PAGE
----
Ruth Elizabeth (“Liz”) Teague Workman died on January 1, 2022. She was 93 years old and had been a resident of Conway since 1985.
Mrs. Workman was best known for her long and engaged involvement in the United Methodist Church’s social and human rights work. She was particularly active in advocating civil rights, women’s equality, and efforts to promote justice and world peace. As a result of her lifelong leadership in these areas, Mrs. Workman received numerous honors. These included Hendrix College’s Ethel K. Miller Award for Religious and Social Awareness (1985); recognition by the Arkansas Peace Center for her “sustained commitment to contemporary issues of peace and justice” (1987); The Valiant Woman Award from Arkansas Church Women United (1988); the Human Rights Award from Church Women United (2011), and the 2013 Humanitarian Award from Hendrix College.
Born in Buckner, AR in 1928, Elizabeth Teague was the second child of Otto Warren Teague (d. 1988) of Hollywood, AR, and Lydia Lois Young Teague (d. 1998), formerly of Mayfield, KY. Her father was a United Methodist minister who served for 43 years in various Arkansas conferences. The Church and its music formed the foundations of young Elizabeth’s life. Her earliest memory, she once said, was hearing a piano as she walked along a dirt road in rural Arkansas and felt drawn to the sound.
By the time she was 12, she was playing the piano for worship services led by her father. Only a few years later, she would serve in local churches as a youth counselor, Sunday school teacher, and choir director. She graduated from Pine Bluff High School (1946) and received her BA from Hendrix College (1950). At Hendrix she met her husband, John S. Workman (d. 2014), a Methodist minister and a journalist who, from 1979 into the early ‘90s, was the Arkansas Gazette’s religion editor. They were married for 64 years, a remarkable partnership which often saw them both engaged in many of the same political, social justice, and human rights issues.
Mrs. Workman was also deeply committed to public schools and, in particular, the education of the underprivileged and neglected. She earned an MA from the University of Central Arkansas in 1970 in special education and taught in the Little Rock Public Schools for 10 years (1970-1980). While the focus of her advocacy work was the United Methodist Women’s organization, her activism extended well beyond the halls of Methodism. From 1986-89 she was State President of Church Women United (CWU) in Arkansas, an organization of women of diverse races, cultures, and religious traditions advocating for peace and justice throughout the world. She also served on the CWU’s National Common Council, as well as on the National Committee for Ecumenical Action. The Arkansas CWU selected her State Chairperson for their Jubilee Year Celebration, marking the completion of their first 50 years of operation. While living in Little Rock, she also helped reorganize the Conway chapter of CWU and, after moving to Conway, held several offices there, including service as its president (2003-2004).
During the 1980s, Mrs. Workman also worked closely with the late Betty Bumpers, wife of the former Arkansas Governor and U.S. Senator, as one of the earliest members of Arkansas’ Peace Links initiative, an organization focused on ending the nuclear weapons race. As a part of this effort, she served on the Curriculum Committee for The Peace Education Project at the University of Arkansas at Little Rock. In 1985 she was state coordinator for the organization’s Peace Ribbon project. And in this leadership position she was selected to represent the group with Betty Bumpers at the Peace March in Washington, D.C., as well as served as a delegate for the organization’s mission to the Soviet Union in 1987.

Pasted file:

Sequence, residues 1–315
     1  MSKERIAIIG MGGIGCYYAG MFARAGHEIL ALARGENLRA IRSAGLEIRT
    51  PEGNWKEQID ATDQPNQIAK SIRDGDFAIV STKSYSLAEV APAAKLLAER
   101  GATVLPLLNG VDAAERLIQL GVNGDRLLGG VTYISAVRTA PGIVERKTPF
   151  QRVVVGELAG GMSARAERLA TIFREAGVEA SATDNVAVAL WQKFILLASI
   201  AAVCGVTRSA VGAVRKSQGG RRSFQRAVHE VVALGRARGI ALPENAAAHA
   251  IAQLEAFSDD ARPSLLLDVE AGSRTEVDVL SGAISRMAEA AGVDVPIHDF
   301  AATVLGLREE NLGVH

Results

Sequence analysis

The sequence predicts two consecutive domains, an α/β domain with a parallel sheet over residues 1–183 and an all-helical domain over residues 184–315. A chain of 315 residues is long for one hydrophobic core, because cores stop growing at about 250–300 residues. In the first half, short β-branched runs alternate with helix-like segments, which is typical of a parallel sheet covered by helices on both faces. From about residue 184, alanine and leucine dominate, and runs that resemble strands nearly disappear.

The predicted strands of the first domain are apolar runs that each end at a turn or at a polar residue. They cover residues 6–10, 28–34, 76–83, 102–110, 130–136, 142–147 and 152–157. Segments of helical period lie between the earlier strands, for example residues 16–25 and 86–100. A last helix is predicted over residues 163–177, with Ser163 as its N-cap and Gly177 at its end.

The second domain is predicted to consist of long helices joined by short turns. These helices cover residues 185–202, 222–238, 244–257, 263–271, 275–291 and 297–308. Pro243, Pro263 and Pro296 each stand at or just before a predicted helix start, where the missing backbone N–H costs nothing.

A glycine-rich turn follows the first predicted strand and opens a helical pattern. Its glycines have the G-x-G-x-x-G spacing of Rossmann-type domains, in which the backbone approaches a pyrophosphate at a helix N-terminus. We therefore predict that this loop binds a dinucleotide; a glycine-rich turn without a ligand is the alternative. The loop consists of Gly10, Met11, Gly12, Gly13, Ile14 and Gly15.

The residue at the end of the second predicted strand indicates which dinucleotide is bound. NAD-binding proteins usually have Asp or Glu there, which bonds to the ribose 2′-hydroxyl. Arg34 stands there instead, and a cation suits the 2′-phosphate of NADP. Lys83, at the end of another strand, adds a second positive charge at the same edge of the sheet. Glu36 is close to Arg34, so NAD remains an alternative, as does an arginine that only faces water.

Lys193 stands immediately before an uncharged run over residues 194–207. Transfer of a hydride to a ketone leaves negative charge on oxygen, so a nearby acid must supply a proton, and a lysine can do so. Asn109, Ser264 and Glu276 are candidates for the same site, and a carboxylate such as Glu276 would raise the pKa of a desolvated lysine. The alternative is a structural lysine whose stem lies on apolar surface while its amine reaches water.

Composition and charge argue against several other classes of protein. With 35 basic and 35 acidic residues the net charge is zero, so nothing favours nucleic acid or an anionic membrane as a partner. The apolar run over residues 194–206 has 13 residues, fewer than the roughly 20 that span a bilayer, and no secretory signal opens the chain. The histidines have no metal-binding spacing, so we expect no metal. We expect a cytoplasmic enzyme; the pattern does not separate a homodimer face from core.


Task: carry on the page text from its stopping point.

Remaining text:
An enthusiastic sports fan and athlete, Liz Workman played tennis into her mid 80s, often with her good friend, the late Betty Courtway of Conway. She was a highly competitive player. So much so that her children often joked that, for Mom, the promotion of world peace did not extend to the tennis court. Mrs. Workman’s other activities included work as co-chair of the Conway League of Women Voters; as a speaker and active member of NOW (National Organization for Women); as an advocate for alleviating poverty and hunger among Arkansans; as a member of the Advisory Council for the Arkansas Conference of Churches and Synagogues; and as a prominent voice for ERArkansas, the campaign in the mid-1970s to pass a State Equal Rights Amendment.
Mrs. Workman is survived by her brothers Otto Warren Teague, Jr. of Stuttgart, AR, Samuel Berris Teague of Conway, AR, and David Gene Teague of Lexington, SC. Her sister, Lydia Lorraine Teague Wilson of Beebe, Ark., passed away in 2015. Her husband of 64 years, John S. Workman of Conway, died in 2014. She is also survived by her four children: John S. Workman, Jr. of Ridgewood, NJ; Paul Steven Workman of Owasso, OK; Susan (Susie) Workman Jones of Miami, NM; and Charles M. Workman of Valeyres-sous-Montagny, Switzerland; plus seven grandchildren and two great-granddaughters.
Her memorial service will be at the First United Methodist Church in Conway on a date to be arranged after the crest of the pandemic has subsided. In lieu of flowers, her family would welcome memorial donations made to one of the following: First United Methodist Church of Conway (designated for “The Elizabeth and John Workman Social Justice Fund”); Hendrix College (designated for “The Elizabeth and John Workman Grant Fund”); or to The Arkansas FoodBank, 4301 W. 65th Street, Little Rock, AR 72209.